When Charlie’s professor, R. Damian Nance, took attendance at the end of class, the student naturally was not there. Charlie then received an email from Nance, a distinguished professor of geological sciences who said he had "zero tolerance" for such absences.

Charlie responded with the truth. “I’ll be completely honest,” he wrote. “I came and swiped and gave a kid next to me my homework because my dad got us tickets to the World Series in Cleveland. I’m sorry I didn’t want to miss the attendance and I did the homework. I understand if you have repercussions.”

Winovich then attached a photo of himself and his brother at the game.

Damian’s response was one any geological sciences student could dig.

“Charlie. That looks like an impeccable excuse,” he wrote. “No repercussions. Go Tribe!”

Winovich posted a screen shot of the email exchange. He and his brother Will were rewarded by the home team, as the Indians won Game 1 6-0 against the Chicago Cubs and Cleveland pitcher Corey Kluber pitched a masterful game — nine strikeouts in six-plus innings.

“It was me and my little brother and probably the closest time we’ll ever share together,” Winovich told CBS News. “I can’t even explain to you what this past year has been like for your everyday Cleveland fan. It’s surreal.”

It was even more special to get the tickets as a present from his dad, a quadriplegic who has been living with Lou Gehrig’s disease for the past 12 years. 

Winovich’s grandfather had season tickets that he planned on selling so Winovich’s dad could get a better wheelchair, CBS News reported. But his dad refused, and instead, insisted that Charlie and Will go to the game.

“Whatever the (repercussions were going to be), it was worth it to make it to a World Series game,” Winovich told CBS News, adding that it was his first — and perhaps last — World Series game ever. “No matter what the case, if you are a Clevelander and something big is going to happen, we will be there to support our own.”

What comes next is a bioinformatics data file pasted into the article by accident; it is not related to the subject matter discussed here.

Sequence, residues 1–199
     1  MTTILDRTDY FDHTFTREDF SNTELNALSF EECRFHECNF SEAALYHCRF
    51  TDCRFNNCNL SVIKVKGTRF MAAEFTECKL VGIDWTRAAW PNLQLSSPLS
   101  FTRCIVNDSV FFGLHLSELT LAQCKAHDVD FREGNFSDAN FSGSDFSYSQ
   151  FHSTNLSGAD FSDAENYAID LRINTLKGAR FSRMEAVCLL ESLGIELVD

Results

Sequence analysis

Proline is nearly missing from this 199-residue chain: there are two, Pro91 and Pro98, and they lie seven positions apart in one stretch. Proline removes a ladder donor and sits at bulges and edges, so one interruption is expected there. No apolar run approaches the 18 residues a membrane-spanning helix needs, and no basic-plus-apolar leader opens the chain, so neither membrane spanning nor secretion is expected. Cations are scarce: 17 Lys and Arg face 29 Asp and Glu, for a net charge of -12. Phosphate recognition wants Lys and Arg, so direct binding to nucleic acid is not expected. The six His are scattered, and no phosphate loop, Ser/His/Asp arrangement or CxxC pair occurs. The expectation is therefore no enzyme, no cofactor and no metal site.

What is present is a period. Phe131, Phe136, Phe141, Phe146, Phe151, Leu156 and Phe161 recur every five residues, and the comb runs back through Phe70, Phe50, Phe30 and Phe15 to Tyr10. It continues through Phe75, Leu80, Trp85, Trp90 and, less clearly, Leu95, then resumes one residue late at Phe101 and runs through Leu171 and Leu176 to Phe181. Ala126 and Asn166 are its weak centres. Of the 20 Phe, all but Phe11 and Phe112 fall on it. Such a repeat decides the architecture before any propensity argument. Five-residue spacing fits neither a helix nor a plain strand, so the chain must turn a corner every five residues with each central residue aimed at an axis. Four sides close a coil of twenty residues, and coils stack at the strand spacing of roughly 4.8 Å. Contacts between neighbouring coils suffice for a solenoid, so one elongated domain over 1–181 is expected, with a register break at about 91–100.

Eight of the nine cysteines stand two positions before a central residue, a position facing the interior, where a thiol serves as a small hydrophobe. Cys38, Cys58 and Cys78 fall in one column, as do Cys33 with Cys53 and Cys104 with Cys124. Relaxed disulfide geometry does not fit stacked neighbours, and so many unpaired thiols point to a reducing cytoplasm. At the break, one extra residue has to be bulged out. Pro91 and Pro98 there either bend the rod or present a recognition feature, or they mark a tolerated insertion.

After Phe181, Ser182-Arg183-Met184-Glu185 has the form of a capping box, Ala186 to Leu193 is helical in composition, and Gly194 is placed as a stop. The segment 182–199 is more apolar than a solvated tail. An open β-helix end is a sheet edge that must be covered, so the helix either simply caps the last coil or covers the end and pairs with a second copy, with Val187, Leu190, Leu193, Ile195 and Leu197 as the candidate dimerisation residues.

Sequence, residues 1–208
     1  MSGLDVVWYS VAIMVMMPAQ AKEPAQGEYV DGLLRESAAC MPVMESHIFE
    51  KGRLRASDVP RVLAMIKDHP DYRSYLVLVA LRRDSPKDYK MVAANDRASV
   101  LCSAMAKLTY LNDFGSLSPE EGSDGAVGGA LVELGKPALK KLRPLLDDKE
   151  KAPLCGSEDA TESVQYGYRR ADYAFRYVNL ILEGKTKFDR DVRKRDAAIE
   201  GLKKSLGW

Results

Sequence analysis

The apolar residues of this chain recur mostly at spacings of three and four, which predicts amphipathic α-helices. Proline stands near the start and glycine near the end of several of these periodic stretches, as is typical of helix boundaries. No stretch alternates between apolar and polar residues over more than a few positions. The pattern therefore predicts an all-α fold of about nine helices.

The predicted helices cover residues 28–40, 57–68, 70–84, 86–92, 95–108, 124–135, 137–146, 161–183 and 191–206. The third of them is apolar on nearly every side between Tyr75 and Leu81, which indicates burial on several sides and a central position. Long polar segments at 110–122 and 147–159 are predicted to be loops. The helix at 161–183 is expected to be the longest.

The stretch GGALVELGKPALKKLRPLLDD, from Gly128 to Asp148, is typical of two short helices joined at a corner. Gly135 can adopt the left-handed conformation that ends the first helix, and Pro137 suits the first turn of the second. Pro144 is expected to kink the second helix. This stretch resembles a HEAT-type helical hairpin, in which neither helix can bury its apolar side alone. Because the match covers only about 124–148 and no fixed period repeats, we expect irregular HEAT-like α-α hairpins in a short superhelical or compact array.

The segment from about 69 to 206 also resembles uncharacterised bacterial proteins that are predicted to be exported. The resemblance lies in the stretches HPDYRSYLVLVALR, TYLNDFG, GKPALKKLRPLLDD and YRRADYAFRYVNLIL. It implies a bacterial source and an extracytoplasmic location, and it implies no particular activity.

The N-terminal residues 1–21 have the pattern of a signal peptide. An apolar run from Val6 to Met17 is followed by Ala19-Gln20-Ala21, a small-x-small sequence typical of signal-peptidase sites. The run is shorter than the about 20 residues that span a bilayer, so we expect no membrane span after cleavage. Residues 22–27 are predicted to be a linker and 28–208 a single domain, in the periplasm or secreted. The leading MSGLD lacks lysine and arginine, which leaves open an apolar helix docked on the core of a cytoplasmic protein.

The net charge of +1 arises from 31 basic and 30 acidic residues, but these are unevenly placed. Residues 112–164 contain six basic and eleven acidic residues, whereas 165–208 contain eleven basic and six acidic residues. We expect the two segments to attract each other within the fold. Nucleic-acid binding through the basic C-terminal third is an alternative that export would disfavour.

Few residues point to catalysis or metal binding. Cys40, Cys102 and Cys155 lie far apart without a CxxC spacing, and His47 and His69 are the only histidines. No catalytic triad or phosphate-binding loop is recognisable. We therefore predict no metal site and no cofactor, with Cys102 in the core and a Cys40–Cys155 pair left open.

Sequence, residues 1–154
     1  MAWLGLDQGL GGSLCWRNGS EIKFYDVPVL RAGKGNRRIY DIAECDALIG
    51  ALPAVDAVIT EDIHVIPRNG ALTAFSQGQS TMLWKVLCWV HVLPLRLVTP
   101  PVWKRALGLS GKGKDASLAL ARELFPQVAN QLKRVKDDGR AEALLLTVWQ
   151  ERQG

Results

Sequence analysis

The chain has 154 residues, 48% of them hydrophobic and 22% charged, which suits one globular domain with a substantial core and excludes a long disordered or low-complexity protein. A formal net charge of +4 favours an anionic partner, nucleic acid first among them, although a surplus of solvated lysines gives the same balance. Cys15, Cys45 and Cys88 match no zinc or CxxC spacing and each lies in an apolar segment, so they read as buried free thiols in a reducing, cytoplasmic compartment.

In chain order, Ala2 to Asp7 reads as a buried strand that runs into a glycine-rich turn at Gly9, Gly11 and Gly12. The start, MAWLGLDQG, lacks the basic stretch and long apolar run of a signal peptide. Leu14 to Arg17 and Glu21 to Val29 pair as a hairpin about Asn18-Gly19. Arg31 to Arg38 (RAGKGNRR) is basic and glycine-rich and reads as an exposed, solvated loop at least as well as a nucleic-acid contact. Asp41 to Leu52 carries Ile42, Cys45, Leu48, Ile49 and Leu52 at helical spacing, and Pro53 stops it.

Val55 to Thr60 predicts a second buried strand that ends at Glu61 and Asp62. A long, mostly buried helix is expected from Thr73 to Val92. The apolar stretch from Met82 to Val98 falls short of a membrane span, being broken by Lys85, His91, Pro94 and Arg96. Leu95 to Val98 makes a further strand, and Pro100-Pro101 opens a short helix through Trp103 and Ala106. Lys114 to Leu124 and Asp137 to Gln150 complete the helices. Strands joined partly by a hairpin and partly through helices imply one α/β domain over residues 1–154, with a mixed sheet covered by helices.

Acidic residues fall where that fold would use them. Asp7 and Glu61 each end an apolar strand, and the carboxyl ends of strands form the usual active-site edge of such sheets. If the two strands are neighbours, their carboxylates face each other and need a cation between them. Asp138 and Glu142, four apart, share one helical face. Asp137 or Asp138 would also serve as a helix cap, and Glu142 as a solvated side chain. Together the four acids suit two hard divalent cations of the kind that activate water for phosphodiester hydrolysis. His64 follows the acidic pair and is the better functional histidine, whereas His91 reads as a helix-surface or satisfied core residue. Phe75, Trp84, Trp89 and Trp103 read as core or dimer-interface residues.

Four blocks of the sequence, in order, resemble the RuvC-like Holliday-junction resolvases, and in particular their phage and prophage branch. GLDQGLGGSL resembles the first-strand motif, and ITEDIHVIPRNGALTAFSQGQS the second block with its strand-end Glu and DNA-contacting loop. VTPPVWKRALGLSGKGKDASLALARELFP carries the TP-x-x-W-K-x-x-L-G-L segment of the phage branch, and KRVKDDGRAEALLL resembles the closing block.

Nance’s email was flooded with well-wishers because of his response to Winovich, the student-run Post Athens of Ohio University reported.

“I realized I had become twitter famous at 5:40 a.m. this morning when I got a text from my son Christopher in Barcelona, Spain,” Nance said in an email to the newspaper.

Mother hit and killed by car at school bus stop, deputies say

Deputies and state troopers were investigating after a woman was struck and killed by a vehicle near a school bus stop in Union County, North Carolina, early Thursday morning.

Family members identified Hanna Gosney, 46, as the woman killed. She was a mother of five children and grandmother of six grandchildren.

Officials said that around 6:45 a.m. Gosney was dropping off her 6-year-old son and 11-year-old step-granddaughter at a school bus stop on State Line Road, near Highway 601 and the North Carolina-South Carolina state line.

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Family members said that Gosney would drop the children off at the bus stop every morning.

Officials said the children got on the bus and that the bus pulled away but then stopped a few feet later when the driver realized the 6-year-old boy was not sitting down. Troopers said he was arguing with another child over their assigned seats.

Gosney was on the other side of the road when she noticed that the bus had stopped. Investigators said Gosney became alarmed and tried to speak to the bus driver about what was going on. The driver apparently opened the main doors to speak with Gosney but they could not hear each other.

That's when Gosney stepped into the road, and investigators said she was standing in the middle of the road when she was hit by a vehicle heading west.

Gosney was pronounced dead at the scene.